September 16, 2005, 9:04 a.m.
By Alex Massie
It had been billed as "The Grapple in the Big Apple" and the long-awaited, much-anticipated debate between George Galloway MP and Christopher Hitchens proved just as bitingly personal and entertaining as expected. No quarter had been asked and none was given. Perhaps that was why the audience had to pass through metal directors before entering the sweltering theatre.
Largely ignoring the motion that "This House believes the 2003 war in Iraq was necessary and just" the two pugilists traded ad hominem blows for nearly two hours until they, and the crowd, were exhausted. Galloway, in the blue antiwar corner and Hitchens, in the pro-war red corner, were not prepared to let traditional debating etiquette cramp their style in New York on Wednesday night.
Citing Hitchens's transformation from an opponent of the 1991 Gulf War to an ardent supporter of regime change in Iraq now, Galloway claimed that "What you have witnessed is something unique in natural history — the first ever metamorphosis of a butterfly back into a slug" and that "the one thing a slug leaves behind it is a trail of slime." Later, Galloway accused his opponent of "Goebellian" tactics and asked, "are there any depths to which you will not sink? You've fallen out of the gutter and into the sewer."
There may, I suppose, be more preposterous sights than the spectacle of George Galloway MP accusing an opponent of "cheap demagoguery" but few that are so delicious. There's a phrase in his native Scotland that accurately captures the essence of Galloway's character: "if he were made of chocolate he would eat himself." His nickname "Gorgeous George" was conferred on him by observers, dazzled by the glare of his own self-regard.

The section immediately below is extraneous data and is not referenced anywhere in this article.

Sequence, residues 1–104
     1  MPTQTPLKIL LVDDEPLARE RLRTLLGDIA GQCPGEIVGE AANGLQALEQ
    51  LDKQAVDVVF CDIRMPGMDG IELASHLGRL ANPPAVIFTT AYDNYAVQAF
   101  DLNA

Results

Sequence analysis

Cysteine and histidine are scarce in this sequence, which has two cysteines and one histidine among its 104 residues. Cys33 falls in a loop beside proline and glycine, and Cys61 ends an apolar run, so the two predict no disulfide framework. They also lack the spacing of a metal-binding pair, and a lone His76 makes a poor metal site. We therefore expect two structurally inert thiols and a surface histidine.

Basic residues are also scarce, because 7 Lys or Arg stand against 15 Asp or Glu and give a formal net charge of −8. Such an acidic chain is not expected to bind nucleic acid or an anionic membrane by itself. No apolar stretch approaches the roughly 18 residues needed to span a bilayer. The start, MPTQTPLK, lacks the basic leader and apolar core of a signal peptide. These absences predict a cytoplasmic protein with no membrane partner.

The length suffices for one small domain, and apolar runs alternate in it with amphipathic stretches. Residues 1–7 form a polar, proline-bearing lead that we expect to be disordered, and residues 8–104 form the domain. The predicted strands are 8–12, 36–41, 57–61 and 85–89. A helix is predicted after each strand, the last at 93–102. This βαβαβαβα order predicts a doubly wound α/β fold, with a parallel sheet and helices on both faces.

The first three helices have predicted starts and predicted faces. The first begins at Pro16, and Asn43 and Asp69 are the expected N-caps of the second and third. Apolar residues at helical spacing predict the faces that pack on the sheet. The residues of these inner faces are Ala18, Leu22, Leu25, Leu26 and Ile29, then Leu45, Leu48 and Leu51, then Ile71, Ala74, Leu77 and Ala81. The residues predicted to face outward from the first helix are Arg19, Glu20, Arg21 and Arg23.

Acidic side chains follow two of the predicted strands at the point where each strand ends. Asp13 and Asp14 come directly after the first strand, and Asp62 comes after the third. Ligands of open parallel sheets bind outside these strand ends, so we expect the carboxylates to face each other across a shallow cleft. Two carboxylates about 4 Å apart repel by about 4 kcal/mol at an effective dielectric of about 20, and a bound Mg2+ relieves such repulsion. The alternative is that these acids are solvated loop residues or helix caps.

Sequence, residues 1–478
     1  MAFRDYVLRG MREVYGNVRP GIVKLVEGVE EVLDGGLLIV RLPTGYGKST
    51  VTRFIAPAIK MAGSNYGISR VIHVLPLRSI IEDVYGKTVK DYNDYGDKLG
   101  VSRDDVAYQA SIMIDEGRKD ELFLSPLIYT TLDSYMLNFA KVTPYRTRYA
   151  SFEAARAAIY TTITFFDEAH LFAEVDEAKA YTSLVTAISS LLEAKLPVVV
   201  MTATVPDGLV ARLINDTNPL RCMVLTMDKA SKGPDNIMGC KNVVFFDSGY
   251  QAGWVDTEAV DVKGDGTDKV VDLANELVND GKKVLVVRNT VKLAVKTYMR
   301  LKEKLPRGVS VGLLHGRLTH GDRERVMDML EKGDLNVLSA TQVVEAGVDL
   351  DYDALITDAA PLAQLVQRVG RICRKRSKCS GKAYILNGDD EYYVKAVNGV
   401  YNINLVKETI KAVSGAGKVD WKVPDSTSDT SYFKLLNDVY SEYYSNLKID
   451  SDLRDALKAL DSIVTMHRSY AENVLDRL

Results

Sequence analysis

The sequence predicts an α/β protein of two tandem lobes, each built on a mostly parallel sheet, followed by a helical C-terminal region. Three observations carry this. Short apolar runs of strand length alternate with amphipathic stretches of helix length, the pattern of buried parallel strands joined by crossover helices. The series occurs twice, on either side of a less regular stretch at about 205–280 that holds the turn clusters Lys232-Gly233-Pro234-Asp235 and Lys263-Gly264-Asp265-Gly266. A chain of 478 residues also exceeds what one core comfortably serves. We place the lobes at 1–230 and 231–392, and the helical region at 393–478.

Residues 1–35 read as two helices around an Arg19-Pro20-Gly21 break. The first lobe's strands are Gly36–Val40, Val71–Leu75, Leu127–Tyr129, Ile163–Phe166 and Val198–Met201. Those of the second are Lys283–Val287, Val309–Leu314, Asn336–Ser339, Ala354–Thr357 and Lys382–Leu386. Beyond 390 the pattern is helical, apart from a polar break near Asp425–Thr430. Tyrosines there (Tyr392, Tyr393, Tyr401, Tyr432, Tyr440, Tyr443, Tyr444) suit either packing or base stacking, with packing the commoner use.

Hitchens quoted Flaubert's description of the banker in A Sentimental Education who was "so corrupt that he would willingly pay for the pleasure of selling himself " — a line he suggested applied to President Jacques Chirac but that, to this observer at least, applies equally well, in moral terms if nothing else, to Galloway.
Galloway, resplendent in a beige suit and with the light gleaming off his balding, unfeasibly bronzed pate, drew great cheers from the sell-out, 1200-strong crowd, when he claimed that "people like Hitchens are ready to fight to the last drop of other people's blood" Repeating this wearisome "chickenhawk" argument, Galloway said, "how I wish Mister Hitchens would put on a tin hat, pick up a gun and go and fight himself."
At this point in the proceedings your correspondent could not, I'm afraid, resist wondering why Galloway had not put his own body where his mouth is and signed up with the insurgency himself. Sauce for the chickenhawk should surely be sauce for the self-styled chicken dove. Galloway did, after all, make it clear that he hoped the jihadists would prevail in Mesopotamia. Whatever else he may be, it is clear that the MP for Bethnal Green and Bow is not antiwar.
Referring to Galloway's support for Saddam Hussein and the MP's recent trip to Syria where he shared a platform with that country's dictator Bashar Assad, Hitchens declared that "The man's hunt for a tyrannical fatherland never ends. The Soviet Union let him down, Albania's gone. Saddam's been overthrown. But on to the next, in Damascus." This was good and surely indisputable stuff.
Galloway won applause from some in the crowd when he claimed that Britain and the United States are the "two biggest rogue states in the world today." He also drew cheers when, quoting Talleyrand, he argued that the invasion of Iraq was "worse than a crime, it's a blunder." It came as less than no surprise that the root of all evil in the Middle East was America's support for Israel. Fancy that! We should, apparently, "stand shoulder to shoulder" with the Iraqi "resistance" until "we've rid the world of George W Bush and Anthony Blair once and for all."